What to Do When You Have Air Conditioning Problems in Your Car
If you tried to turn on the air conditioning system in your car on a hot summer day but found it difficult, you might have problems with air conditioning. Diagnosing air conditioning problems is a crucial step that will help you eliminate possible problems with your vehicle. Let's look at the situation when your air conditioning system blows hot air and what you must do.
How to Diagnose Air Conditioning Problems?
The first step is starting your car's engine. Your air conditioning system will not work correctly if your engine does not work. For this reason, start the engine and turn the AC on. You may notice the AC not working in the car, blowing hot air, which could be the main problem.
Turn the fan to the coldest setting, or use the "Max AC" setting if your car has this option. Listen to the sound your fan produces to find out what problem the fan has. If you notice unusual noise, there is a possibility that your compressor does not work correctly.
In this case, you should pop the hood and find the compressor. It is usually located next to the engine. If you have difficulties finding the compressor, it is good to remember this part of the car is a belt-driven part with a clutch, and the pulley turns only when the clutch is engaged.
Once you have found the compressor, you can continue diagnosing air conditioning problems.
When your AC is in the highest setting, the clutch is expected to spin with the accessory belt. When the AC is on, the compressor clutch will turn on and off regularly. The compressor should turn on if your AC is set to maximum level. If this does not happen, there might be some problems with the compressor.
It is good to know that a compressor is responsible for the refrigerant compression and pumping through the vents.
At this point, you should check the temperature of the air from the vents. Take a meat thermometer and check the actual temperature. Stick the thermometer in one of the vents and wait for a few minutes. You will see the reading revealing the temperature of the air blowing from the vents.
The air temperature will be 50–70 ?F if it is hot outside. When the temperature outside is low, the air blowing from the vents should be 35–40 ?F. These are normal temperature ranges. If you do not have similar results and find out the air is at room temperature, there must be some problems with the compressor or refrigerant.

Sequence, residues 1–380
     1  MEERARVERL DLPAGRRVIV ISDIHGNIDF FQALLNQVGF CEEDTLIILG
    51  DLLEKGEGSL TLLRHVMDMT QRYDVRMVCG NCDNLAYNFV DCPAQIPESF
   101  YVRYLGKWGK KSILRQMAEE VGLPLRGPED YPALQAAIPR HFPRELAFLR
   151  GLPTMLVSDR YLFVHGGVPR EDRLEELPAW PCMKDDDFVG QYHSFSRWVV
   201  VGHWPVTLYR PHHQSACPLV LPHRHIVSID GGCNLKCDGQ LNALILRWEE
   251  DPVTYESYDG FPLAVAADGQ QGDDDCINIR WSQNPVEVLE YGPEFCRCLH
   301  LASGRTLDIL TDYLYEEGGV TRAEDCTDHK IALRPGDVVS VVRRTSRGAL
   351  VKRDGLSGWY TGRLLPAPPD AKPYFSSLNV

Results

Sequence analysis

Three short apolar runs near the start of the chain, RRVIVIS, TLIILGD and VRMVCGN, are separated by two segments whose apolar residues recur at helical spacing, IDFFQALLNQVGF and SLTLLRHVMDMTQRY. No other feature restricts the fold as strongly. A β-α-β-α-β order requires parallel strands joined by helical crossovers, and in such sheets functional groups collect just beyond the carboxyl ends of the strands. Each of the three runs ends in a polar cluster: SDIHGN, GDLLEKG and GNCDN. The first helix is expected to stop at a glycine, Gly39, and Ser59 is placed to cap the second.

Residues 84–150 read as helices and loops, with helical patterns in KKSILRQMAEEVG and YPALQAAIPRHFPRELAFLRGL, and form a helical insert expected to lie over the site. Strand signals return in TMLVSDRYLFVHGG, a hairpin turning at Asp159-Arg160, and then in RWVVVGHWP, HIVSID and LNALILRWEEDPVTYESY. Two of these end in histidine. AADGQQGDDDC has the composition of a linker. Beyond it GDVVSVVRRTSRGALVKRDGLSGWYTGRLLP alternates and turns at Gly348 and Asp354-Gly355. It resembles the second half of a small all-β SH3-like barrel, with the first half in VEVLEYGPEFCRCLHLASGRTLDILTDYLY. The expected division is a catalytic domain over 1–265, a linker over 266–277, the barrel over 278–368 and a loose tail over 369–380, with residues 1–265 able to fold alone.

What to Do When AC Is Not Working?
You should notice the airflow changes when you turn your AC dial to the low and high settings. If the air is not coming from the vents, there might be problems with the blower motor. If there are filter problems, the airflow slows down when set at a higher speed. In this case, you should access the filter by opening the glovebox and removing a drawer.
Then, adjust the vents and make sure they do not interfere with airflow. Confirm that the vents work by putting them in the open and closed positions. After that, slide the selectors to ensure they move in the correct position.
It is good to remember to change the AC filter every 15,000 miles. If you have trouble with the filters, this could be noticeable when you smell the air from the vents. If the smell is unusual, your radiator fluid may leak. This smell could mean you must change the old filter and replace it with a new one.
If you notice a moldy smell, it could be a sign to change the filter. However, if the odor is sweet and chemical, it might be a sign that your radiator fluid is leaking.
In the end, if you want to ensure your air filters are good, you can replace them with new ones. They are usually full of dirt and debris, and replacing them with new filters could save you time and money. If your air conditioning system is still causing you trouble, it is time to talk to your mechanic and explain the problem.
A reliable mechanic will help diagnose the air conditioning problem and make things easier.
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